Lindsey Inger tram death remains a mystery

Lindsey Inger
Lindsey Inger

The reason why a 13-year-old Bulwell girl walked into the path of a tram on the edge of Hucknall, killing her instantly, remains a mystery, an inquest heard this week.

But rumours suggesting she was wearing headphones, using her mobile phone or even playing ‘chicken’ at the time were all quashed.

Lindsey Inger, of Longford Crescent, Bulwell Hall Estate, died when hit on the ‘Bone Mill’ level-crossing, near Moor Bridge, Bestwood Village, on the evening of Wednesday 28th November 2012.

Lindsey was walking across the tram track behind three friends, and was just half a metre from safety when the tragedy happened at about 7.10 pm.

She was struck with such force that she was thrown 24 metres, and an imprint on the tram’s windscreen included her make-up and pink lipstick.

It was believed to be the first time Lindsey had used this crossing. However, experts told the Nottingham inquest they did not know why she had not seen the tram, nor heard the sound of its horn as it approached.

The experts were led by Pc Colin Thomas, a specialist with 26 years’ experience in almost 6,000 collision investigations, who had collated all the evidence.

Pc Thomas said “very shocking” footage from CCTV cameras on the tram showed that “Lindsey’s head never deviated from the forward position”.

“Her gait was normal -- of a child walking,” he said,.”She just didn’t appear to react to the presence of the tram.”

The four girls were crossing from the west side of the track in the direction of Bestwood Village, the inquest heard. The tram was travelling from Moor Bridge station towards Hucknall.

Lindsey’s three friends made their way over the crossing first and got to the central reservation. There was no evidence that Lindsey was racing to catch up with them, said Pc Thomas.

The inquest was attended by several of Lindsey’s family members and friends, including her 68-year-old foster mother, Marlene Starling.

Nottinghamshire Coroner, Mairin Casey, said it would have been “too painful” to play the CCTV footage to the court. But she added: “I can conclude with confidence that Lindsey was certainly not texting, making a phone-call or holding her phone to her ear.”

Pc Thomas felt it would have been “physically impossible” for the tram to have stopped in time.

It had built up speed from leaving Moor Bridge station to about 76 kilometres per hour (kmph), which was just under the maximum of 80kmph (or 50mph). Its main beam headlights were on and it had “very, very good brakes”.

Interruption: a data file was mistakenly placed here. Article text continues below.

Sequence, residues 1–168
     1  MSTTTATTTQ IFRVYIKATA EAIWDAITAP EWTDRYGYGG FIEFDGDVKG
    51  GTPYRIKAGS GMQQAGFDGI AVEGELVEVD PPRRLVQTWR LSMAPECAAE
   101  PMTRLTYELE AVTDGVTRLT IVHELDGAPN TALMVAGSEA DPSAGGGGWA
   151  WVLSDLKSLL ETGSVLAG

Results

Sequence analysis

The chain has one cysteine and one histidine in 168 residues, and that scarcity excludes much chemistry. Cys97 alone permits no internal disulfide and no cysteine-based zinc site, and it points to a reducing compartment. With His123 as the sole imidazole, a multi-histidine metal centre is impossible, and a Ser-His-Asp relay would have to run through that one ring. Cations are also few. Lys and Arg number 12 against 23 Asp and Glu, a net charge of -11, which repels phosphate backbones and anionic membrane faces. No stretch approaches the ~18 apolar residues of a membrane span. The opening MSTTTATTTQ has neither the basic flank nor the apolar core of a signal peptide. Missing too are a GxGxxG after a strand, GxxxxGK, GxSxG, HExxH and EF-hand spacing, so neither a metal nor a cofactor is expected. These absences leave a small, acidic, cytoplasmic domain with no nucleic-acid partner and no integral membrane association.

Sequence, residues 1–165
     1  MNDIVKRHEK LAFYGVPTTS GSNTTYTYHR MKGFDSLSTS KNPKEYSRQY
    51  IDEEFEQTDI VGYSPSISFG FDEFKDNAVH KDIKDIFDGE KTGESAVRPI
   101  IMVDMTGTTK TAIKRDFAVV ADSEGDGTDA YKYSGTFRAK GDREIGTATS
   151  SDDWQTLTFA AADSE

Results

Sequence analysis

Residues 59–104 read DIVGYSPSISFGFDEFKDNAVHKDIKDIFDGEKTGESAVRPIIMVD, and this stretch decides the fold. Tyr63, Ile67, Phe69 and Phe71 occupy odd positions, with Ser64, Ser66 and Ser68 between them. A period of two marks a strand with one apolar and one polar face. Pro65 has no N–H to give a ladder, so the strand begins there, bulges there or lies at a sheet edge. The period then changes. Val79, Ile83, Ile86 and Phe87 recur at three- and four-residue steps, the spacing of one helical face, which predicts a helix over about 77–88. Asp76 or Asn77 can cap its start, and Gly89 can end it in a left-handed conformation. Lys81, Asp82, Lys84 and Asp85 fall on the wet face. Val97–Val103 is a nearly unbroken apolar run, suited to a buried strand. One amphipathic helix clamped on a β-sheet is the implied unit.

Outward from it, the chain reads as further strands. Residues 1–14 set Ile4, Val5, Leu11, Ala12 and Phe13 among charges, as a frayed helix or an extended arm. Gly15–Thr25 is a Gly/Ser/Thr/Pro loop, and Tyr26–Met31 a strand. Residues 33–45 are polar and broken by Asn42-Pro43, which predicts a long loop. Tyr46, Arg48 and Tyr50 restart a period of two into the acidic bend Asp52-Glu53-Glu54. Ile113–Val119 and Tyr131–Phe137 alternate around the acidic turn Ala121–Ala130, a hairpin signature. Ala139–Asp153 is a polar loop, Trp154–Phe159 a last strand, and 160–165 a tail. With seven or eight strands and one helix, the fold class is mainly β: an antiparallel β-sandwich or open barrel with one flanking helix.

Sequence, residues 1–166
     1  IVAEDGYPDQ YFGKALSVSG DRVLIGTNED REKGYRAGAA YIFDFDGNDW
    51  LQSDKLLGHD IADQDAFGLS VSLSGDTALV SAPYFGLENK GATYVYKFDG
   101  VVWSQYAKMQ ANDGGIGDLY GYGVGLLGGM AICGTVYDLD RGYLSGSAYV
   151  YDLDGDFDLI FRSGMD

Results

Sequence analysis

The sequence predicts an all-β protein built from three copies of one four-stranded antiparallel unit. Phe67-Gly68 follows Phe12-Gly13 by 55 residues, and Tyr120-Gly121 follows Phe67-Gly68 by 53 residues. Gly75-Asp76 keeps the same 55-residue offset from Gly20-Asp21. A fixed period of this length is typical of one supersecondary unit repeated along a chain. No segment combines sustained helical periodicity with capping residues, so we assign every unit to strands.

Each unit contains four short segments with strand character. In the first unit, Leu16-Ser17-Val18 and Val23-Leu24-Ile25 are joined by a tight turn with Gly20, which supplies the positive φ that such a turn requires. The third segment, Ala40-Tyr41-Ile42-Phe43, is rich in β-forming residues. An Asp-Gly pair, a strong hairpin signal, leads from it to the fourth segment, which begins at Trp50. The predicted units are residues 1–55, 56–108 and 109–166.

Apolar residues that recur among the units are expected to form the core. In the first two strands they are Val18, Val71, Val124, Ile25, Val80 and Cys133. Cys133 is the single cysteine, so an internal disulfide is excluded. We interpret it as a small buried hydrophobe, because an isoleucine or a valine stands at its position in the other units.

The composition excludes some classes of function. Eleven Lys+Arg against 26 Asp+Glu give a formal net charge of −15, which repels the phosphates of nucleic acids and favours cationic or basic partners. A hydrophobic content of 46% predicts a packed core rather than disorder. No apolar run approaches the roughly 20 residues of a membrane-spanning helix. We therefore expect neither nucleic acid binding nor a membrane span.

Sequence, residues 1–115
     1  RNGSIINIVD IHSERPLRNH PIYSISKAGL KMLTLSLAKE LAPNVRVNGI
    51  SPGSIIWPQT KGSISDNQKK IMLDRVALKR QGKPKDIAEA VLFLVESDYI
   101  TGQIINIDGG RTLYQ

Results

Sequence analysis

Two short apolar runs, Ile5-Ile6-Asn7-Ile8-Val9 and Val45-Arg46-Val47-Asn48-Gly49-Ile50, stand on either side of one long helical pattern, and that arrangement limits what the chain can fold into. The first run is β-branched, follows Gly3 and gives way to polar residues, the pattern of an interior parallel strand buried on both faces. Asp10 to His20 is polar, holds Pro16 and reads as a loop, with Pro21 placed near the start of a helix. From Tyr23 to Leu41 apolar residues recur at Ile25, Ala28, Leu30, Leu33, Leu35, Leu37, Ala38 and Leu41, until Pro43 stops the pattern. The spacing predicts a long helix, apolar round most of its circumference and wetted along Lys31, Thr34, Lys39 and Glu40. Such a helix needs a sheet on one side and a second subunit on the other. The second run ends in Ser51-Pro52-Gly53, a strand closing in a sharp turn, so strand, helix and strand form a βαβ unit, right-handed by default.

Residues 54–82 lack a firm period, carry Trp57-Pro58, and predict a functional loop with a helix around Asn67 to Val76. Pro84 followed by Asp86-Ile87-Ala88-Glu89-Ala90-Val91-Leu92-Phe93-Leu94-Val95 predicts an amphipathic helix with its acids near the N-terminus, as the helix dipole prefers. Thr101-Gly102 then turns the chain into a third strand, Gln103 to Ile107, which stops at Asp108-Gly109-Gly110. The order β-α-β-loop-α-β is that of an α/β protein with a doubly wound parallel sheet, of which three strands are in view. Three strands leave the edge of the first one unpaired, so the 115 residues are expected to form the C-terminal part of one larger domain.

There were found to be no defects with the vehicle, which had undergone a major overhaul only the day before the accident.

The tram-driver, Adrian Vickery, was also said to have done everything he could to prevent the collision, including sounding the tram’s horn continuously and applying its emergency brakes.

Pc Thomas estimated that Mr Vickery started sounding the horn about five seconds (the equivalent of 97 metres) before the collision -- when Lindsey was still behind barriers at the side of the track.

Had she been aware of the danger she was in, she could have waited. But instead she made her way over the level-crossing, seemingly oblivious.

Mr Vickery then operated the emergency brakes with such force that it threw the tram’s passengers forward.

“Sadly, there was not enough distance to make any difference whatsoever,” said Pc Thomas.

“Lindsey was projected forward 24 metres and came to a stop by some concrete plinths at the side of chain fencing. The tram came to a stop alongside her.”

Family members said there had been “stories” suggesting Lindsey was still conscious, and had even spoken, after the collision.

However, pathologist Dr Charles Padfield told the hearing that the injuries to Lindsey’s head and internally were so severe that she would have been killed on impact.

“She suffered huge trauma in a split second,” said Dr Padfield. “Even before her body came to rest, she would have been dead. The head injury would have rendered her unconscious.”

Another police officer, Det Con Helen Neaverson, said the other three girls, who had walked over the crossing seconds before the accident, were “incredibly distressed” when interviewed.

“They wanted to say what had happened, but they found it very, very difficult,” she told the hearing.

The inquest heard that the police, NET and the Rail Accident Investigation Branch (RAIB) had all carried out their own investigations into the tragedy.

“But all the agencies agree that it is impossible to say why Lindsey crossed the tracks,” said Miss Casey.

“It is a question they cannot answer. The tragedy is that the person who can answer is no longer with us.”